Professor Pillinger: There was never a time when the people working on this project did not know what the management structure was. It was absolutely clear the rules under which we were working. The rules between Martin Baker and Astrium were absolutely well known. We had to formalise arrangements in order to qualify for funding, as and when these were stipulated; but when you have money you can sign contracts. If you do not have money, there is absolutely no point in signing any contract.

  Q26 Dr Iddon: So we are back to the finance again. This keeps bobbing up.

  Professor Pillinger: Ultimately, contracts can only be signed when somebody has a cheque to offer to somebody else.

  Q27 Dr Iddon: There had been a previous project of course, the Rosetta Mission, which—

  Professor Pillinger: Which I was involved in.

  Q28 Dr Iddon: Yes. That had failings in management and technical leadership, so I gather. Was anything learned from that project to apply to this project?

  Professor Pillinger: Can I comment on that? I was involved in Rosetta, and I will absolutely say to you that the management of the Rosetta lander was a shambles because it was a project that was very, very loose, and it constantly had changing oscillation between French and German PIs. Every time the six months moved on, so that it was somebody else's turn, everything got changed.

  Q29 Chairman: How much did that cost the nation, then, Colin?

  Professor Pillinger: It did not cost us anything. We had an instrument on board the lander which did not come into the management province. When I set up Beagle, I resolved that we would not have anything like the bickering that ever occurred in Rosetta. In fact, there was never an occasion in Beagle when there was any quarrel over who was managing what.

  Q30 Dr Iddon: The Casani review was rather critical of the management structure of Beagle 2. Did you see a copy of that, where the project management was described as "fragile"?

  Professor Pillinger: Yes, I have seen a copy of the Casani report. I also was there when John Casani gave a verbal report. It was about 2 am on a Saturday morning at the end of the project, and Casani's words were actually—I think I quoted in my written presentation—"your way of doing things is nuts but it seems to work".

  Q31 Dr Iddon: We have gone through Rosetta and we have gone through Beagle, and we hope there is a future project, obviously; that is what this Committee would like to think. Can you tell us after all those questions on management what you would do different in future to make a project more successful?

  Professor Pillinger: The two things that I would like to make the project more successful is a very early decision, with priority, if you are building a lander, to say this is a lander project. I would not turn down the opportunity to hitchhike again, but by the same token I would expect, if I was a hitchhiker, to have equal rights in terms of priority. I have already explained that we knew what we were letting ourselves in for. We knew Mars Express was going to give the orbiter priority, but if I was doing it in future that would be my first priority, to say this is a lander project. If you want to have a lander successful, then the sensible way to do it would to be sent two landers because you are never going to get a 100% risk-free project. Thereafter, put the money in place early; do not have people trying to be drip-fed with money.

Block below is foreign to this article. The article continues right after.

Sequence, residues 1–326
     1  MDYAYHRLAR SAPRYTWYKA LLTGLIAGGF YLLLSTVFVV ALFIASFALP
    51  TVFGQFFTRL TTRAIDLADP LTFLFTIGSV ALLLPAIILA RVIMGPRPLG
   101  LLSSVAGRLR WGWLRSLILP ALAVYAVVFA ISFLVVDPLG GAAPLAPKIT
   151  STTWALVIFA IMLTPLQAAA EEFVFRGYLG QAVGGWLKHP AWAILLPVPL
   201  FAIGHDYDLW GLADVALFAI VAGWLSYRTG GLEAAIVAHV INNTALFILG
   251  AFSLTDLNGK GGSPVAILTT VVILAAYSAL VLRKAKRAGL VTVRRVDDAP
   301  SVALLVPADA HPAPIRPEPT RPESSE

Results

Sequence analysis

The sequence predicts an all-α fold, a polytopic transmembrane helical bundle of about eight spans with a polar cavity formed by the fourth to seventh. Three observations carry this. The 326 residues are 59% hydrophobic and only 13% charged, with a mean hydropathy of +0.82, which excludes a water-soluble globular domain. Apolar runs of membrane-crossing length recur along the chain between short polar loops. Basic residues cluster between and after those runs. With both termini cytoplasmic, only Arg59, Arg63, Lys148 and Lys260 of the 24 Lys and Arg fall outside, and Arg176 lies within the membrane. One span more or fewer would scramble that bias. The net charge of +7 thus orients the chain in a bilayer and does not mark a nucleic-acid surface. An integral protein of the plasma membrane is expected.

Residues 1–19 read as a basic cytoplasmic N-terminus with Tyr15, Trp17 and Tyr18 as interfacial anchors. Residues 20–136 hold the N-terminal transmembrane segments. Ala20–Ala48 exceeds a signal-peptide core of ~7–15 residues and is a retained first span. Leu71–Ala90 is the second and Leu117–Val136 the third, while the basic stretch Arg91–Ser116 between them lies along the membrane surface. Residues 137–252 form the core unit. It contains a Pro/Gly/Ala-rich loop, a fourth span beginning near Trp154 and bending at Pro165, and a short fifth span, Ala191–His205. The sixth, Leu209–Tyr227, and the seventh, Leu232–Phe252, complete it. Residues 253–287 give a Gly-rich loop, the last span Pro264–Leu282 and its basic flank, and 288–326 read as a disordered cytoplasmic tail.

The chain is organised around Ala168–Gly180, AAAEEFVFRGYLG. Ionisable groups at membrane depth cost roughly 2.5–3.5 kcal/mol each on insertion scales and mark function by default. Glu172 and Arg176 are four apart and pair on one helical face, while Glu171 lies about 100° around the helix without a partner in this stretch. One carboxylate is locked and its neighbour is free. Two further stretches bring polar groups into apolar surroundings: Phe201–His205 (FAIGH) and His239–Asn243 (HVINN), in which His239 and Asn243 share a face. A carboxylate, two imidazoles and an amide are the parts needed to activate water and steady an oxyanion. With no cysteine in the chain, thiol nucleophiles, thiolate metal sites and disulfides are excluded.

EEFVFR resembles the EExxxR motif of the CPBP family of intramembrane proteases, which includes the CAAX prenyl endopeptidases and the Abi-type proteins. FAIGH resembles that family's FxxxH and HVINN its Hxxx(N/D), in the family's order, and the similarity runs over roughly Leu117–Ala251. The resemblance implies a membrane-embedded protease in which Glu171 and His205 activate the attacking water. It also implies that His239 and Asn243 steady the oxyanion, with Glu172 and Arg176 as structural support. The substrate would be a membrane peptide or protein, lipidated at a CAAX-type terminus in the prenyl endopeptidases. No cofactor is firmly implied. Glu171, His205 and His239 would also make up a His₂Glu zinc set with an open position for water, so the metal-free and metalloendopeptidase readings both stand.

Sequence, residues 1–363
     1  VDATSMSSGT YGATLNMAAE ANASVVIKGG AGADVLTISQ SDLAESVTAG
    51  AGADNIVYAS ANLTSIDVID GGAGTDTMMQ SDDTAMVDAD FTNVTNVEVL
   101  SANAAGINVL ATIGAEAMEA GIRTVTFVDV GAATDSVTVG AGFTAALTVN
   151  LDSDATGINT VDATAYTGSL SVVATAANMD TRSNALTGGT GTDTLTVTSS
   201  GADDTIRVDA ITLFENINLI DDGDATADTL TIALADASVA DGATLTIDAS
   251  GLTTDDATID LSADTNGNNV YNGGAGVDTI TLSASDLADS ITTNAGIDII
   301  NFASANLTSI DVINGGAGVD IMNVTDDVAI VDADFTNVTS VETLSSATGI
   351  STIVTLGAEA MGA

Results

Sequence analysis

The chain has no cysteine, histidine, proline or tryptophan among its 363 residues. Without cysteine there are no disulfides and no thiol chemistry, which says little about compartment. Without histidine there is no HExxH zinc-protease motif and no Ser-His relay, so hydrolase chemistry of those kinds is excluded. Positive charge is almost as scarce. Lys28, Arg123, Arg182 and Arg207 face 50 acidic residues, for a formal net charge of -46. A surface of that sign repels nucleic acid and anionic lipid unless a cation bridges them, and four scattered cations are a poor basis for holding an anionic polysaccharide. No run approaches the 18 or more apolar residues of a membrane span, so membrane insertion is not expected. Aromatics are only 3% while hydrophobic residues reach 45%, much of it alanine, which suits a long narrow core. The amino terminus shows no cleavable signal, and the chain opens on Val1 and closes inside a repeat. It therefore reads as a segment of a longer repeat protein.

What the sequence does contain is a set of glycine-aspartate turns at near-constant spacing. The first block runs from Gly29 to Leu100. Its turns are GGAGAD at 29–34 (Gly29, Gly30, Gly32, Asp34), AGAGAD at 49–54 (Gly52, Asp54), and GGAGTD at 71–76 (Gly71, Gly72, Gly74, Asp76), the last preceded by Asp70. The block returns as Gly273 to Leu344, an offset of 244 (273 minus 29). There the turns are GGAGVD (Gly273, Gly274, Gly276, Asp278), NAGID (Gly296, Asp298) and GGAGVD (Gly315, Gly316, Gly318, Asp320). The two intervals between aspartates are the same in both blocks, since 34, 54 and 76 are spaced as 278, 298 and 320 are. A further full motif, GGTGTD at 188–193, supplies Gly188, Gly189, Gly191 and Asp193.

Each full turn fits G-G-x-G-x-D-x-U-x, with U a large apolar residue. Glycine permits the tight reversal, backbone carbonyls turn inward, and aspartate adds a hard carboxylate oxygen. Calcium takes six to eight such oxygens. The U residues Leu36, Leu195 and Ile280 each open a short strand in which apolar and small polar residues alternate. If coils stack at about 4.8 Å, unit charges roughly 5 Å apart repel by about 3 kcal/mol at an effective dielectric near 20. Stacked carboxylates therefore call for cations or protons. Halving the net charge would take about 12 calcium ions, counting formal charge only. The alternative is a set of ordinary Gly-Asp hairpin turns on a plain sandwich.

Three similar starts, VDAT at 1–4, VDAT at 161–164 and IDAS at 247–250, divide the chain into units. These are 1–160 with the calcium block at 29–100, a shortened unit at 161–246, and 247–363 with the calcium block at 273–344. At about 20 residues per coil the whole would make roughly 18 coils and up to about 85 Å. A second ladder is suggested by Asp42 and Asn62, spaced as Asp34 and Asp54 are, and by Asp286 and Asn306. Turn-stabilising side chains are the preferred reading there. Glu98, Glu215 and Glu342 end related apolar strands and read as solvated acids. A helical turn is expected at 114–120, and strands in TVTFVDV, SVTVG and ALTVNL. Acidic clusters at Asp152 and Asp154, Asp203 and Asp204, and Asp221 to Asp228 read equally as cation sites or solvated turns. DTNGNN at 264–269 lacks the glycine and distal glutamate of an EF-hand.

Q32 Dr Iddon: So we have two conclusions to my round of questions. First, the finance has got to be clear from the start—as you are saying loud and clear—and, secondly, do not piggyback on somebody else's project but do a lander project on your own.

  Professor Pillinger: The finance is secondary. We never had any difficulty working without any money because we were all so committed to the idea of going to Mars to look for life. I personally believe that that is still a very valid goal; in fact it is even more valid now than it was in 1997.

  Q33 Dr Iddon: The primary conclusion is, "do not piggyback". Is that what you are saying?

  Dr Healy: With regard to this hitchhiking business, the lander has to be an intimate part of the mission. The problem with Beagle is that it was an optional extra. It was a very nice optional extra to have, but you had a mission that was perfectly valid without it. Some of the earlier questions were about differences between Toulouse and the UK on how things were being managed, but you had a Mars Express programme that was relatively low risk, with instruments and a spacecraft that was a deviation to Rosetta; so it was very close to something that had already happened. It was under contracts from about 1999. We had a very clear situation with Mars Express. The only area that was not clear was whether Beagle was going to be there or not. On the other side, you had Beagle, which was relatively high risk, relatively high technology development, without a clear statement on funding. It was not until July 2001, when the funding was in place, that the management structure could then be formalised, rather than relying on a gentleman's agreement, and at that point it then ran pretty much as a normal project would have run. However, just getting that funding sorted out that late in the day caused some tension with Mars Express and created a position where we were always under pressure when it came to delivering Beagle.